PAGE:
Many of us are exposed to origami at some stage in our early years, either at school or through the media we consume. It can be used as a tool for learning, as an aid for focusing, a way of embracing our creative side, or simply for relaxation and pleasure. In this post I explore origami and its various uses.
In the paper A Note on Intrinsic Geometry of Origami, Koryo Miura, Professor and Director of the Research Division of Space Transportation, says:
“The mathematical expression of an origami process is a transformation of a flat piece of paper into a polyhedral surface which expresses something.”
The word origami means “fold” and “paper” in Japanese, and can range from basic shapes to extremely intricate folded designs and formations. While Koryo Miura’s paper focuses on the mathematical aspects of origami, this sentence jumped out at me immediately as a creative practitioner, and I can relate it to my own creative processes and results.
I have always imagined origami to be a personal venture and it is often referred to as an art rather than simply a hobby. This could be because it provides both mental and physical challenge and problem-solving, introduces you to geometry, symmetry and spatial thinking, and deals with shapes and clean lines. It instills the ability to follow instructions and listen carefully, but it can also bring a deep sense of satisfaction and catharsis if followed through, and it helps cultivate creative thinking. The element of trial-and-error teaches patience and persistence (if folded wrong, a piece can become difficult or even impossible to continue). It is a timeless practise, accessible to anyone with access to a sheet of paper, and holds appeal to both children and adults alike.
In the article Analysis of Design Application on Structural Model of Origami, by Hsun-Yi Tseng, it is believed that:
“Origami started out as a traditional art form found in religious rituals and folk customs before evolving into a creative art for leisure and recreation.”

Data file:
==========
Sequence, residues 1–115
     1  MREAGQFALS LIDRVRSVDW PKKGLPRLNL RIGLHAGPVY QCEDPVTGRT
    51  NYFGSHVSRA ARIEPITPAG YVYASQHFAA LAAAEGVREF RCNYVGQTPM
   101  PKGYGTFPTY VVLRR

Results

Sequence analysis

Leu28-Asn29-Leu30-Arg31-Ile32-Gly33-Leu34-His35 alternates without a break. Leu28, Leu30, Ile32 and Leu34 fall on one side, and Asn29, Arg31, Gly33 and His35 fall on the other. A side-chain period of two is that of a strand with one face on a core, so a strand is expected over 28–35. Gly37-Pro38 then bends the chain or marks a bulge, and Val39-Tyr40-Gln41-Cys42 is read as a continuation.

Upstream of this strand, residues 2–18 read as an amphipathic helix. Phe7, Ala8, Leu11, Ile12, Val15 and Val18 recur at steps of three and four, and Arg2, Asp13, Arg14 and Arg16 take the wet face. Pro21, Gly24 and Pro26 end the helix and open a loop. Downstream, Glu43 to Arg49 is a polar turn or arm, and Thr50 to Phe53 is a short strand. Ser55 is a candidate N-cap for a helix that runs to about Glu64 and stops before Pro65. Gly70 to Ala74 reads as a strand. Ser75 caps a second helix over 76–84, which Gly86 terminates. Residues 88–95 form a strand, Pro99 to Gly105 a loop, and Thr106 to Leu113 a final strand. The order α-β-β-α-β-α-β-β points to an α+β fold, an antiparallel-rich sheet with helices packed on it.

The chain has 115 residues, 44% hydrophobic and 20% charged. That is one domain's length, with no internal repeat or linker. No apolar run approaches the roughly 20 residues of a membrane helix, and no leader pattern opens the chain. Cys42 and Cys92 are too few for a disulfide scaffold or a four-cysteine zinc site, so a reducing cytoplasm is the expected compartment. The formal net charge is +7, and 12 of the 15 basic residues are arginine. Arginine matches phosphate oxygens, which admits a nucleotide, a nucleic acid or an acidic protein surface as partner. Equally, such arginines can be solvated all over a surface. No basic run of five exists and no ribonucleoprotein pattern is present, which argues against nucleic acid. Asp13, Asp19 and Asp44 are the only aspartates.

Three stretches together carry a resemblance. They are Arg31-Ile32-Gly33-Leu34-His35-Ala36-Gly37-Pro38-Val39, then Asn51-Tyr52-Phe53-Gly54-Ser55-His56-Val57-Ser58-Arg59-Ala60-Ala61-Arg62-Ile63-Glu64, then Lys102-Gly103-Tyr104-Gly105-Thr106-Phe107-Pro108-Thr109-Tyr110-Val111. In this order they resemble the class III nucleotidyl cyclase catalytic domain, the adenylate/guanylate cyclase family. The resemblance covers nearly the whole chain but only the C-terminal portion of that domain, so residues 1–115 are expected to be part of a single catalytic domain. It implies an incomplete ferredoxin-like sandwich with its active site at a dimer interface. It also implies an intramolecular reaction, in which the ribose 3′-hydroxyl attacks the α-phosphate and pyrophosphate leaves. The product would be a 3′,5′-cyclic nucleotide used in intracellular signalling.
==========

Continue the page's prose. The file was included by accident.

My own attempt at origami. I went for something fairly simple: a trinket box design I found a few years ago. It has been a while since I’ve folded this box and it took a degree of fiddling, studying the tutorial, and testing my own dexterity before I could finish it. While there are areas that need improvement (corners not quite closing), I am overall happy with the result and it was worth the time invested. This type of origami also has its practical uses – the box will hold paper clips, pins and other small pieces of stationary on my desk.
Returning to my earlier statement that I can relate expression through origami to my own creative processes, I found that folding this box focused my attention immediately. This is something that happens frequently when I begin a new design, whether its a practical or digital piece, particularly if there are intricate elements to it. Many designs rely of different parts coming together to create meaning and resolution.
The box was not without some frustration, with some of the flaps awkward to slot together, but once the triangular shape started to come through these frustrations lessened. Perhaps this is because I could see the box taking shape.
In the book The Use of the Creative Therapies with Sexual Abuse Survivors, editor Stephanie L. Brooke writes:
“Another important therapeutic aspect of Origami is physical and psychological effect of the act of folding paper, which allows us to use the left and right spheres of our brains at the same time (Shumakor, 2000).”
Much like zen drawing and art therapy, origami can become a form of catharsis with its repetitive motion and tendency to focus attention. I frequently engage in ASMR (Autonomous Sensory Meridian Response) exercises as it relaxes my mind and body, and one of my main triggers is the folding, cutting, touching and manipulation of paper and card. Paired with the joy of solving a puzzle, creating a complex or beautiful design, and focusing attention, I can see why origami is used in art therapy and mindfulness practises to enhance a sense of wellbeing or help process a traumatic experience.
One of my favourite origamists is Ekaterina Lukasheva, whose manages to merge incredibly complex and precise modular designs with a great sense of movement and an organic feel:
I can’t help but think that she was inspired by naturally occurring geometry in the world around her, a topic I will blog about in a separate post.
Tomoko Fuse’s modular origami boxes are also worth noting, combining basic geometric design with gentle motion and peacefulness. The structure of the box itself creates the pattern, with no need for additional decoration or intricacies:
The Sonobe Cube Lamp is another lovely and practical piece of origami, based on the Sonobe module (believed to have originated from Mitsunobu Sonobe and Toshie Takahama), and illuminated by Judith at Origami Tutorials:
Also the beautiful Hydrangea Tessellation, originally created by Shuzo Fujimoto:
Brooke, Stephanie L. (2006): The Use of the Creative Therapies with Sexual Abuse Survivors. Charles C. Thomas Publisher; 1st edition.
Miura, Koryo (1989): A Note on Intrinsic Geometry of Origami. First presented at the First International Meeting of Origami Science and Technology, Ferrara, Italy.
Tseng, Hsun-Yi (2017): Analysis of Design Application on Structural Model of Origami. Published in 2017 International Conference on Applied System Innovation (ICASI).